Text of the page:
Nearly six years after President George W. Bush signed legislation aimed at reducing prison rape, the National Prison Rape Elimination Commission is calling on corrections officers to identify vulnerable inmates, offer better medical care, and allow stricter monitoring of their facilities, the Washington Post reports. A 2007 survey of state and federal prisoners estimated that 60,500 inmates had been abused the previous year. Experts say that the stigma of sexual assault often leads to underreporting of incidents and denial by many of the victims.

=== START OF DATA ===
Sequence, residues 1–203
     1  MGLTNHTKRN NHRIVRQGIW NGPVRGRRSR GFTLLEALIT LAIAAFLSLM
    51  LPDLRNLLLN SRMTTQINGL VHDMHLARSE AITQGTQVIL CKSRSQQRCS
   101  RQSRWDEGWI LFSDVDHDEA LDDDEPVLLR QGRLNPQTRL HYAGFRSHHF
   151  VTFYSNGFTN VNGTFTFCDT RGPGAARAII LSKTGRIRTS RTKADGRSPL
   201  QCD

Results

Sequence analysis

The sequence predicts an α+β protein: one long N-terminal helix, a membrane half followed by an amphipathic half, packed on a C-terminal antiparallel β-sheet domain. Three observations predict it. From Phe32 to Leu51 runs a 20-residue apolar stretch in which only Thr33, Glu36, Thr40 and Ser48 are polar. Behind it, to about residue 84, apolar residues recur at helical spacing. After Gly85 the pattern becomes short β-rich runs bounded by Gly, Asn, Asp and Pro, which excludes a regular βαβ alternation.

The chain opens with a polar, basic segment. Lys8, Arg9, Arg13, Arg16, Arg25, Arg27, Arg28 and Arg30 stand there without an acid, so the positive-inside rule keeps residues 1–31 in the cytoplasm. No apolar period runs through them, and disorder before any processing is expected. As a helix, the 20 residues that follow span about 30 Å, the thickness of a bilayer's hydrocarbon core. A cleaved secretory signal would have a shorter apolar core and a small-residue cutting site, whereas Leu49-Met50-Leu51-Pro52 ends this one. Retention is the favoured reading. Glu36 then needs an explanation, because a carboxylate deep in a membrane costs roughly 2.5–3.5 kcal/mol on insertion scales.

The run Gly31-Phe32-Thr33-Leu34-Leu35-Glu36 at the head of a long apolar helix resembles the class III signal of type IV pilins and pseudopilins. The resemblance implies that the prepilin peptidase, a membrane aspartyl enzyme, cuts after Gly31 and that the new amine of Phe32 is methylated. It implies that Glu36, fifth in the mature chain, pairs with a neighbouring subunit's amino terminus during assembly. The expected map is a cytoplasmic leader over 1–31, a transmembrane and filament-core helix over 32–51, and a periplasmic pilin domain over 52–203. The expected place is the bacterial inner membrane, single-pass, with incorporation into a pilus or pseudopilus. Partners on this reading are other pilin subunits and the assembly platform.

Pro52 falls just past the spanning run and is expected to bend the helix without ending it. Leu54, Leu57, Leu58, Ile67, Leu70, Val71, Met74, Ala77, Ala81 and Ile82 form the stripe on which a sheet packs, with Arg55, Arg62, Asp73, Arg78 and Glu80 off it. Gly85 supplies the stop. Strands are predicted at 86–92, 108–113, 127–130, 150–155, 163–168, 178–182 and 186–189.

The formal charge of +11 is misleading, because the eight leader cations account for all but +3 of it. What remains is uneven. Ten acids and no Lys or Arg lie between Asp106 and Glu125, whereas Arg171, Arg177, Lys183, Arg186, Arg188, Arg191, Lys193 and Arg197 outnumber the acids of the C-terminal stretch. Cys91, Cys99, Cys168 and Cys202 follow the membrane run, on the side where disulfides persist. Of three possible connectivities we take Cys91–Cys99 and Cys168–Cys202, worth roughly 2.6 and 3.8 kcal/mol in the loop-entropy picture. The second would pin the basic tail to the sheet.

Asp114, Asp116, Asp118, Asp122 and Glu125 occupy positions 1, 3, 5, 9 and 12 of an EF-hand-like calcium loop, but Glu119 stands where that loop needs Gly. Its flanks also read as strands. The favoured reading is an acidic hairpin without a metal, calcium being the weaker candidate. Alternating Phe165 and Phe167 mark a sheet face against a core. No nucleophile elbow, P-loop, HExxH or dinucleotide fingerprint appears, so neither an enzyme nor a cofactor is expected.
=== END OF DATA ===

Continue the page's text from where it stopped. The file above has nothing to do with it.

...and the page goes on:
The report says sexual abuse of prisoners often is viewed as a source of jokes rather than a problem with destructive implications for public health, crime rates, and successful reentry of prisoners into the community. “If you have a zero-tolerance policy on prison rape and it is known from the highest ranks that this will not be tolerated and there will be consequences for it, that goes a long way in sending a message,” said U.S. District Judge Reggie Walton of Washington, D.C., the commission chairman. Attorney General Eric Holder will have one year to prepare mandatory national standards. The recommendations are not binding, but states that do not adopt them could have federal criminal justice aid cut.